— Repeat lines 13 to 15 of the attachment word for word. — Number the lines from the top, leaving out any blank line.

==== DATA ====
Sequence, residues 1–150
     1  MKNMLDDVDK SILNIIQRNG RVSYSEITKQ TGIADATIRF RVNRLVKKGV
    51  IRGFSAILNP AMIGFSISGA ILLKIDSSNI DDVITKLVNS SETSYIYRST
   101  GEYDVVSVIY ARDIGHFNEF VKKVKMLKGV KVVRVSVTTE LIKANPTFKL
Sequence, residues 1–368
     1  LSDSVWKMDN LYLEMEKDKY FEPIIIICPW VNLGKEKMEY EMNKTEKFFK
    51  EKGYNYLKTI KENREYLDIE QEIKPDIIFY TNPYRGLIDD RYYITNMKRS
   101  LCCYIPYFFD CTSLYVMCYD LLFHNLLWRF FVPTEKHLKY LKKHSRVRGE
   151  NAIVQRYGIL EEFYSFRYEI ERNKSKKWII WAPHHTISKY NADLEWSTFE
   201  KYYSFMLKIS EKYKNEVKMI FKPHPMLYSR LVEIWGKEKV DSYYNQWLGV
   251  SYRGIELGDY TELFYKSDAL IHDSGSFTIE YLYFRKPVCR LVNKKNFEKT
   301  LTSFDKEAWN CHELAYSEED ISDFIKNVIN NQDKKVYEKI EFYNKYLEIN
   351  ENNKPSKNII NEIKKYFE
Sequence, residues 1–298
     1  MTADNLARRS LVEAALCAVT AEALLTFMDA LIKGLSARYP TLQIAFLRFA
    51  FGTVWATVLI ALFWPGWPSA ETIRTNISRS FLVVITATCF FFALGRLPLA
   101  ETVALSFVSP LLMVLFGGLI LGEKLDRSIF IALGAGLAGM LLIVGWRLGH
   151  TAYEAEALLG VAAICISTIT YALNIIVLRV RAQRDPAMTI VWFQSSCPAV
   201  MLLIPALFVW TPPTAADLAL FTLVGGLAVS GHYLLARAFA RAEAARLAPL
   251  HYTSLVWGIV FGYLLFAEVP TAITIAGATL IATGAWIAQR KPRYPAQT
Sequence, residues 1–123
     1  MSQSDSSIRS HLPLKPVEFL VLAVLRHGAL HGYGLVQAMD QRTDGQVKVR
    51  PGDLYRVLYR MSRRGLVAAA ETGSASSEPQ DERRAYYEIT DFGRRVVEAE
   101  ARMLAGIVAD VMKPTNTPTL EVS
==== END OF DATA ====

   351  ENNKPSKNII NEIKKYFE
Sequence, residues 1–298
     1  MTADNLARRS LVEAALCAVT AEALLTFMDA LIKGLSARYP TLQIAFLRFA